An Athlete's Guide to How Mental Health and Performance Relate

An Athlete’s Guide to How Mental Health and Performance Relate

Athletes know the importance of maintaining excellent physical health for peak performance, but the role that mental health plays in athletic performance should also not be overlooked. By gaining a better understanding of how physical and mental health are linked, athletes can prepare both their bodies and minds better for competition.

The Stress Factor

Some degree of mental stress is expected with athletic competition, but too much stress from worrying or feeling pressure to perform at a top level can have detrimental effects on athletes. Too much stress can also create feelings of doubt that inhibit athletes from reaching their fullest potential. Even if an athlete does well in their chosen sport, extra stress can leave the participant feeling unsatisfied.

In addition to stressing over athletic performance, student athletes often feel extra pressure to maintain a high academic standard. Most schools require student athletes to achieve certain minimum grade point averages to continue to play for school sports teams, and this can make a student athlete’s life even more stressful.

Stress can also have negative physical effects on the body, which could further hinder athletic performance. Even though stress is often relieved through exercise, too much stress can restrict blood flow and cause extra muscle tension throughout the body, and this can negatively affect how the body moves when engaging in sports.

The Effects on Concentration

Problems with mental health often affect the ability to concentrate. Concentration is a key component of athletic performance, and this is especially true with sports like tennis and golf along with other athletic activities that require sharp mental concentration.

If an athlete isn’t able to concentrate fully because of stress, depression or other mental health problems, athletic performance will also likely suffer. An athlete could suddenly feel disoriented during play because of an inability to concentrate. A coach’s instructions might also be misinterpreted or not heard altogether if mental health troubles are interfering with concentration.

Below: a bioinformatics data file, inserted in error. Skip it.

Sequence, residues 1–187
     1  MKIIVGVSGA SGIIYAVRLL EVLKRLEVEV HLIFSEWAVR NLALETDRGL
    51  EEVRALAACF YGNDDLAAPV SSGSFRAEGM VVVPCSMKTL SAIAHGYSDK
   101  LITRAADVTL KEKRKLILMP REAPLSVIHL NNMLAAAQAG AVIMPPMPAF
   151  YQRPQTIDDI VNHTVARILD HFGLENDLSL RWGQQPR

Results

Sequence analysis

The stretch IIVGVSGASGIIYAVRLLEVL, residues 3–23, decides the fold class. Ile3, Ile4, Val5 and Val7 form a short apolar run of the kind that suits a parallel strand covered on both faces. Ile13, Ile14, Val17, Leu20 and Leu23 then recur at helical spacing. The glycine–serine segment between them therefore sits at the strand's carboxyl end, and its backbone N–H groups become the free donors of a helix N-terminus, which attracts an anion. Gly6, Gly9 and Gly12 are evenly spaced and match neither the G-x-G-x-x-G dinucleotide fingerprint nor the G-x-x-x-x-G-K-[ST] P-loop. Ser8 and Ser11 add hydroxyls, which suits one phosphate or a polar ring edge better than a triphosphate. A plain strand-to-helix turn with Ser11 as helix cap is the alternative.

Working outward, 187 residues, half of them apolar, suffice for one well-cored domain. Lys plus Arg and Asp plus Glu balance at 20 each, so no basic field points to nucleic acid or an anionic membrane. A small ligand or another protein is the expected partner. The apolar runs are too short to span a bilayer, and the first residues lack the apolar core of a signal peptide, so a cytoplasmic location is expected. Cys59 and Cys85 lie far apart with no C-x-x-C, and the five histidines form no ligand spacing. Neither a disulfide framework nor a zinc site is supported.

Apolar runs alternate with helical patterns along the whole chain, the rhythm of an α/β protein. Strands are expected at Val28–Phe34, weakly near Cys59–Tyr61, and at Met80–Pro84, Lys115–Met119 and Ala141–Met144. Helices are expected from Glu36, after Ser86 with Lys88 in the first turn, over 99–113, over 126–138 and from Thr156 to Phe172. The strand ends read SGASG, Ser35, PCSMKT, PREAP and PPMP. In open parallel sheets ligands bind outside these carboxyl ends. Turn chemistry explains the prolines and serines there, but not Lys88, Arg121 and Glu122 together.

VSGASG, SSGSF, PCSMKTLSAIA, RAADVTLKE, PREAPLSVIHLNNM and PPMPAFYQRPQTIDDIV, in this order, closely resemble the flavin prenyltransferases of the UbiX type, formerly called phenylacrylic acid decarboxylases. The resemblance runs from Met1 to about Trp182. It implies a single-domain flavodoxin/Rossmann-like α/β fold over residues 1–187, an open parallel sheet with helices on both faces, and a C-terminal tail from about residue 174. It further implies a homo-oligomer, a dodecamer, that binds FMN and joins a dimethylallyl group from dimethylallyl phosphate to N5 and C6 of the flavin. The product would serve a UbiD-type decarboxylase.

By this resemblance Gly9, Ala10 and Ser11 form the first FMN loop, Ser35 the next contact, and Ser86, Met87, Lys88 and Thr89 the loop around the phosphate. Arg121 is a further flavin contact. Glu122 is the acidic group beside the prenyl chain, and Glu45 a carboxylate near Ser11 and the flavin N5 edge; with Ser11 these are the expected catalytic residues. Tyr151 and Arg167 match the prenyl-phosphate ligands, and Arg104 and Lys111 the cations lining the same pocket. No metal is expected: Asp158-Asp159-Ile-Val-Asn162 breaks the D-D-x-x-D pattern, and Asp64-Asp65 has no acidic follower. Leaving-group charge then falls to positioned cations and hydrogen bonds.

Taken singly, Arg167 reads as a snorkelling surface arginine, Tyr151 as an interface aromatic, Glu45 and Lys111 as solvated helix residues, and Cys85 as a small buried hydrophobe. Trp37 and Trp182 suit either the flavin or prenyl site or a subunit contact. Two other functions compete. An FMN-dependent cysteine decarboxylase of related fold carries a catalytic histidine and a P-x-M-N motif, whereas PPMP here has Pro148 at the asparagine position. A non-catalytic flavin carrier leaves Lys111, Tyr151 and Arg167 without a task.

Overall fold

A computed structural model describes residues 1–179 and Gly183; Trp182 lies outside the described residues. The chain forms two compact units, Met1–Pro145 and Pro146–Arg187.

To improve concentration, any underlying mental health problems should be addressed so that the mind can focus on staying in the game rather than other issues that contribute to mental health challenges. Certain trigger words that are used during practices or competitions can also help sharpen mental focus. Additional sports performance coaching that works to improve an athlete’s mindset may also be highly beneficial.

How Rest and Recovery Could Suffer

Proper rest is essential in between games and practices. Resting can help relieve the stress that the body and mind often endure during competition, and rest is also needed for the muscles to repair themselves after physically strenuous activities. Without sufficient rest, the body isn’t able to recover and regenerate itself adequately for peak physical performance.

When depression, anxiety, or other mental health problems interfere with sleep and other forms of rest, an athlete can’t expect to maintain good results for the long term. The onset of fatigue is likely to occur sooner during practices and competitions and may even force an athlete to limit their playing time if they aren’t able to fulfill the physical demands of their sport.

When both physical and mental health concerns have been addressed properly, athletes will likely notice remarkable improvements in their athletic abilities. Athletes who need help with managing the mental side of sports can turn to professionals for additional support and guidance.